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The Metafilter model

How we will know we're successful? I think the best way to approach this is to examine other sites. I'll rely on my old favorite, Metafilter, for inspiration. Now, Metafilter isn't a wiki, and isn't specialized like our site will be, but it's a highly successful community site that draws hundreds of thousands of users. I think we can draw some lessons from the Metafilter model.

First, the navigation is clear, easy to find and simple to navigate. When the site requires participation, the authors have provided thorough, concise directions that guide EVERYONE through, not just those who are familiar with the internet. Second, there's quality control happening, which I think is applicable to our site, as well. Matt Haughey's (Metafilter creator) goal was to gather the "best of the web," and while not everyone agrees, Metafilter has interesting, intelligent content. It's a filter, which is an important concept for us. We don't want every single scrap of 35W information on our site; we want the most accurate and pertinent. I think it can be tempting with sites like this to make an encyclopedia, but I think we serve our audience best if we filter the information.

Metafilter's also successful because everyone has a voice. Now, this is difficult to police, but I think if our audience feels like they can contribute or participate somehow, they'll feel more engaged and more likely to return to the site. Whether this is through editing the wiki or uploading videos or providing additional research, I think audience participation is essential, especially with a topic like this. Disasters feel universal, and if we're especially gearing this to a UMN audience (as suggested in the Moodle), then the site will feel even MORE personal. A wiki, in its purest form (as I understand it), belongs to everyone.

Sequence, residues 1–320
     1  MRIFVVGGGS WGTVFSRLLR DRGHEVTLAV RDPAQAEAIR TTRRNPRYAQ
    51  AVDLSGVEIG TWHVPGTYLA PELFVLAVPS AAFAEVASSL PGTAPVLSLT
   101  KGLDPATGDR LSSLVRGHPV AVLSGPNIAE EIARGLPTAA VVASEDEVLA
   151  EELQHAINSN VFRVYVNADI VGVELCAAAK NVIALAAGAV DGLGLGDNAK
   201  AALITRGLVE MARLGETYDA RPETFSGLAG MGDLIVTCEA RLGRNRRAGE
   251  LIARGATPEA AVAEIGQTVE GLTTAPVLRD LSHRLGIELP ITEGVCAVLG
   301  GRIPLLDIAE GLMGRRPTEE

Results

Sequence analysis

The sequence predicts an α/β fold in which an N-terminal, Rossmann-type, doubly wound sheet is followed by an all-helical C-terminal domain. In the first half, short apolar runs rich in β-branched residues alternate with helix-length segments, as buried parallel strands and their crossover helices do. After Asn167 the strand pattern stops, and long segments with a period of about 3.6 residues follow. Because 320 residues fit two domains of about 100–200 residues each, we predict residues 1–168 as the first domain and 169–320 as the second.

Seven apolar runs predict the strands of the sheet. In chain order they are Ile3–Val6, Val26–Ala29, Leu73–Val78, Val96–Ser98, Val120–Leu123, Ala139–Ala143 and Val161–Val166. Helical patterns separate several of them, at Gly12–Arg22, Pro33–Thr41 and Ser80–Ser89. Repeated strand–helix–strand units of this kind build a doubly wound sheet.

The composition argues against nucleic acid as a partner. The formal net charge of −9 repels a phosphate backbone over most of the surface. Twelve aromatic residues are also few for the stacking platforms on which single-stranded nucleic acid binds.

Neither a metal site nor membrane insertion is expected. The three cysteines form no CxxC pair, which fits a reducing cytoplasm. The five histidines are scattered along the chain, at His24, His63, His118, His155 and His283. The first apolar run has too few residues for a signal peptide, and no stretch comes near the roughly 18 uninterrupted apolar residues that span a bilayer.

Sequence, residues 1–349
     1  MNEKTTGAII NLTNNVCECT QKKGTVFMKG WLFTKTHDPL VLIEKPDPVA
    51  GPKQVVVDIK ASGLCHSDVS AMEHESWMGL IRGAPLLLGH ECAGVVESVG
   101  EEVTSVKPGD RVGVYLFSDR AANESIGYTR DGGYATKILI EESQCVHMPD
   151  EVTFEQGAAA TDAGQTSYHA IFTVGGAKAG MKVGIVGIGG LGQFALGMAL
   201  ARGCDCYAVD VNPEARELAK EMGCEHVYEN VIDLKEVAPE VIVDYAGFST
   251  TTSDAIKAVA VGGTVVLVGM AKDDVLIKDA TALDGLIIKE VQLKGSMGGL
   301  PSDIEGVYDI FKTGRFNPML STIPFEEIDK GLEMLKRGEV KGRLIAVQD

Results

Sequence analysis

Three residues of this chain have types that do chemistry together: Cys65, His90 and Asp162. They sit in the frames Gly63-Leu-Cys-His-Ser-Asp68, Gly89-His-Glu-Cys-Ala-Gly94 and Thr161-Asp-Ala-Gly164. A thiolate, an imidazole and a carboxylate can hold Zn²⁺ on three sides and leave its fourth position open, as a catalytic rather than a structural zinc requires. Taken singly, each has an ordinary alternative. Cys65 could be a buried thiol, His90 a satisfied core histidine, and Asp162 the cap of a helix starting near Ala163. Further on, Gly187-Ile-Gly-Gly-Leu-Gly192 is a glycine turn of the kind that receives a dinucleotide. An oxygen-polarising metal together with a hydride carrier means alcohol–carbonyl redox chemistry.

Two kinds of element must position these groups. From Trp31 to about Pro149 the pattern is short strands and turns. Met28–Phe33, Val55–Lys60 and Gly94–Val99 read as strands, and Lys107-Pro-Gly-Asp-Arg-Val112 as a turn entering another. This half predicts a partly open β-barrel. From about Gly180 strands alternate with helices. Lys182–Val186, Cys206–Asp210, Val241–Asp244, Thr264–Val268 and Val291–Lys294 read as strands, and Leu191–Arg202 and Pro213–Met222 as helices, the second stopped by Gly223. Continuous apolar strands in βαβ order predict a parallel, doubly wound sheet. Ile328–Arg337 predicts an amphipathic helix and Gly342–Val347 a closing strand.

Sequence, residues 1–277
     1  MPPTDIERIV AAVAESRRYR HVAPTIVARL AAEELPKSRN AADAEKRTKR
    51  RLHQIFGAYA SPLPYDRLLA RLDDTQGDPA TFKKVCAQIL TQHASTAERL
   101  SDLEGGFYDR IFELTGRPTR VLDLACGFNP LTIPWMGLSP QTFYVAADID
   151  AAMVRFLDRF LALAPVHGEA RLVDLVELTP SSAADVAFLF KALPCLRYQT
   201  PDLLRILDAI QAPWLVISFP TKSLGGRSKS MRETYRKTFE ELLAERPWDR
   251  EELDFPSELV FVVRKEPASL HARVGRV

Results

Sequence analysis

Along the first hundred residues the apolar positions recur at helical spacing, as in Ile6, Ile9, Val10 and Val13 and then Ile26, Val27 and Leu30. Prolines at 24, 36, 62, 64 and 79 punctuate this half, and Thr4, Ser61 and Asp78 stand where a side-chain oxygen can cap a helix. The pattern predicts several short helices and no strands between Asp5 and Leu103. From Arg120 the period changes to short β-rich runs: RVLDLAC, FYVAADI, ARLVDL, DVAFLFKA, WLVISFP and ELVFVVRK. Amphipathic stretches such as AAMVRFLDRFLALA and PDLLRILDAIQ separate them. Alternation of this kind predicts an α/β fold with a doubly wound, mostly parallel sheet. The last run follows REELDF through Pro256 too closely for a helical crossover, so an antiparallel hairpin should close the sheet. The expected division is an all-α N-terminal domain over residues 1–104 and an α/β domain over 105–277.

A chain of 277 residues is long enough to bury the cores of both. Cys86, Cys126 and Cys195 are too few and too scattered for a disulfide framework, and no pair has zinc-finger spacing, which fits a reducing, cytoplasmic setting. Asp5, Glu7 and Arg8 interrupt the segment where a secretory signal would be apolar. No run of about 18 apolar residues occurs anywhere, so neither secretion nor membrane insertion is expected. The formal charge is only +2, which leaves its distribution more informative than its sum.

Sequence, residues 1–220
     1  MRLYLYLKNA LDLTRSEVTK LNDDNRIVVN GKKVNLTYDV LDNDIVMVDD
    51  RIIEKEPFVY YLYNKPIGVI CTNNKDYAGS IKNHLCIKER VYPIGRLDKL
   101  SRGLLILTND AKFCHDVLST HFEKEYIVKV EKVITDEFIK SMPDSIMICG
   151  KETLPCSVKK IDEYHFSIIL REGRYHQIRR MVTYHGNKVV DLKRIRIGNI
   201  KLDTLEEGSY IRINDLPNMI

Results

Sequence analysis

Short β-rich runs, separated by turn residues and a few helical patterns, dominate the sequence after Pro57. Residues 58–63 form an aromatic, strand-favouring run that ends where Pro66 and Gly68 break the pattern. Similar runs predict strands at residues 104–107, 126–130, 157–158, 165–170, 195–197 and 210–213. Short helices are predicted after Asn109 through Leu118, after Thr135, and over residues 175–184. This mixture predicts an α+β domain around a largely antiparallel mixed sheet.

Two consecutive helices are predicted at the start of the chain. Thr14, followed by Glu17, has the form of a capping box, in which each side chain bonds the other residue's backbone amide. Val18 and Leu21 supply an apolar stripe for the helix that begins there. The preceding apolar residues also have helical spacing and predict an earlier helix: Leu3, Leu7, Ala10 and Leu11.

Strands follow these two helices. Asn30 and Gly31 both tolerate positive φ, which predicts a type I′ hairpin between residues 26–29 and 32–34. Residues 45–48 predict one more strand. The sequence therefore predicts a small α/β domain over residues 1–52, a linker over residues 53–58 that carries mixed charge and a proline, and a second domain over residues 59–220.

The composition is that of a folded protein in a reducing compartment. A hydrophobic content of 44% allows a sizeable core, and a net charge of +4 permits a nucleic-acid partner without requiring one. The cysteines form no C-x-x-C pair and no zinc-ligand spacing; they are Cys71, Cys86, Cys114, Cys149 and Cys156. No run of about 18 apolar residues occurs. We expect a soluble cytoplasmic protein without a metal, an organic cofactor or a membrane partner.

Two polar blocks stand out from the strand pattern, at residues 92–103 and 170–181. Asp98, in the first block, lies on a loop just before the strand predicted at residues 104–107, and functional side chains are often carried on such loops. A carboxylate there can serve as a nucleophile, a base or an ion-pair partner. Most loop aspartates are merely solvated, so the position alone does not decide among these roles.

We'll know we're successful when we have a clean, coherent, interesting and engaging product - not just by our standards, but by our visitors', as well. We have an organized task list and game plan - as long we stay focused, we'll have a successful site.


Jennifer, I agree with your post in that it is sometimes helpful to look at others work to get a sense of what works and what doesn't. We also want only accurate and pertinent information. It would be of no use to our audience to overload them with unecessary and unorganized information.

I agree with the examination of other sites. We should all take an hour or two and simply search the web for good and bad sites. Then compile a list so that everyone else can get an idea of what makes a good site and what makes a bad site.

Reading your entry, I realized I don't know a lot about the logistics and primarily, the administration of participatory entities like wikis. How is information filtered and the quality of input controlled? I know Wikipedia has a staff that performs these functions. How about Metafilter? I'm asking because I assume that we will not continue to oversee our wiki after the class is done. Can filtering and quality control be done automatically?